On Feb. 8, the Supreme Court of Canada will hear two appeals about when a person living with HIV may be criminally prosecuted for not disclosing his or her status to a sexual partner. Such prosecutions continue to generate fear and stigmatization, directly affecting the lives of some of the most vulnerable in our communities and undermining broader efforts for HIV prevention and care.
When the court first addressed this issue in 1998, it ruled that HIV-positive status must be disclosed to sexual partners before engaging in activities that pose a “significant risk” of transmitting the virus, or else they could face charges of aggravated (sexual) assault. But fuelled by an exaggerated sense of HIV risk, people living with HIV have faced some of the most serious charges in our Criminal Code, even where there was no transmission or a significant risk of transmission.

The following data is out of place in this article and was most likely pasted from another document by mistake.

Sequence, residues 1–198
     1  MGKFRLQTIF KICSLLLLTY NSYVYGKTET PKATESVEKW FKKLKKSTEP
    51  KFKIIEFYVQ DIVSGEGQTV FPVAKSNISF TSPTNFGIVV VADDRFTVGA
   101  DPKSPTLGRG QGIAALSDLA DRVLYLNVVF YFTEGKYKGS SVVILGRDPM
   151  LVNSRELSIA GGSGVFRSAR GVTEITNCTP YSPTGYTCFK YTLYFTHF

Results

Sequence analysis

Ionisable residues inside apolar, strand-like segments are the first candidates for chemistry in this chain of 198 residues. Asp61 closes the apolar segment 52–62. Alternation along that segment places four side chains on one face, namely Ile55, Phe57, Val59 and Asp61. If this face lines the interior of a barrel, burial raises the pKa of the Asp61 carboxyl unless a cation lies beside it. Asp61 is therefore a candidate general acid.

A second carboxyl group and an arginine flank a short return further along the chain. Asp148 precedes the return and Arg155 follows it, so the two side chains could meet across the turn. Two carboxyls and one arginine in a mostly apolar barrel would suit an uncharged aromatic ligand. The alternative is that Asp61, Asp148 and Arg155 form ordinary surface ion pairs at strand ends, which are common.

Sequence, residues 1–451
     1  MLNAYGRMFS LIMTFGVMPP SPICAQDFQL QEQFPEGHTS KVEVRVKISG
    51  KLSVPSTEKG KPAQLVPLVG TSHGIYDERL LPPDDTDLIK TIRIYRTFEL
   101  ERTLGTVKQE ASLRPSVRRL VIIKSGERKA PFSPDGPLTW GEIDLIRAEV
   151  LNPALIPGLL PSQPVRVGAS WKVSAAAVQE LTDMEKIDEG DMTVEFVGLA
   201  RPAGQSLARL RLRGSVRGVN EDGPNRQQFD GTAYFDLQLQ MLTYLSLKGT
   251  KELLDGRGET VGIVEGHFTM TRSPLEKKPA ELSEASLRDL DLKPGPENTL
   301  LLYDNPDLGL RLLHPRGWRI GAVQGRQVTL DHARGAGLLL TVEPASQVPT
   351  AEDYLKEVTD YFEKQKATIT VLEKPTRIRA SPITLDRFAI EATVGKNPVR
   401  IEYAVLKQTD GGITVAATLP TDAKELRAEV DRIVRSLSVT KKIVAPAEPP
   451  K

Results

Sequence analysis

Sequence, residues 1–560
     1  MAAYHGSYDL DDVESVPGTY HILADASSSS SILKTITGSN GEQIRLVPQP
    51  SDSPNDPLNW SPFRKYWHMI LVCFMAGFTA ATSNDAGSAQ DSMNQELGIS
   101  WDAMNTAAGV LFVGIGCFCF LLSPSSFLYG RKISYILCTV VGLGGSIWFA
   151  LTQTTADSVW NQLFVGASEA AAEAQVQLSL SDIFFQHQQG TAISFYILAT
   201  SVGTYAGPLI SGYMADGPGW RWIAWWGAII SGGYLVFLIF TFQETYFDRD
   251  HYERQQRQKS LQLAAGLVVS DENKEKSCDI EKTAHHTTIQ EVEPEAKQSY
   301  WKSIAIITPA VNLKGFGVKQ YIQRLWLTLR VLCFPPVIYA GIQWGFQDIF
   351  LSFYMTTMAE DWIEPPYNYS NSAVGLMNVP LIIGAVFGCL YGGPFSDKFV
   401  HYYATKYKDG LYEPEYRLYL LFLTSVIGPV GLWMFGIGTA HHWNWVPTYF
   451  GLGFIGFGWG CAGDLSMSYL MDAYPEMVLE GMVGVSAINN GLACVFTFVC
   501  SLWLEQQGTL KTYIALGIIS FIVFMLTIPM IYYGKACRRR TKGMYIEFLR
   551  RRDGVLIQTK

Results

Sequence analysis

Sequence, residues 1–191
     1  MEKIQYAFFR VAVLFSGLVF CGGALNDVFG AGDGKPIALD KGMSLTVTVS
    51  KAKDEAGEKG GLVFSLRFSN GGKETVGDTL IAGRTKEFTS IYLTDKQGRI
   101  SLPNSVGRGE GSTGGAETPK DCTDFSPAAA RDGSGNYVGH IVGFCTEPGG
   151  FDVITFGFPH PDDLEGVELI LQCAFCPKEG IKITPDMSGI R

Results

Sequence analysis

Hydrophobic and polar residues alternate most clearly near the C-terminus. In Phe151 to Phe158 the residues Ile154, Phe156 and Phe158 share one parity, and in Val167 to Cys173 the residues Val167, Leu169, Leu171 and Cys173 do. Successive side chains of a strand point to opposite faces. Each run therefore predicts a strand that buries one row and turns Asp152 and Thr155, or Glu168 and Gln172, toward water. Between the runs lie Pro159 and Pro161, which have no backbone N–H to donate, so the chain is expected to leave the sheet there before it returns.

Indeed, in at least one of the cases now under appeal, the prosecution wants to do away with this significant risk benchmark, opening the door for a radical and unwarranted expansion of the criminal law. This extremist position would disregard the greater scientific knowledge we now have about just how low the risks of HIV transmission are – including in cases where people use condoms or have a low level of the virus because of effective medications.
Undeniably, there will be cases that deserve censure. A person who maliciously transmits HIV should face legal consequences. But this is a rare case. Many real-life sexual encounters are much less clear-cut – sex is complex and so is disclosing you have HIV. The bluntness and severity of the criminal law make it all the more important to draw reasonable lines between criminal and non-criminal sexual behaviour.
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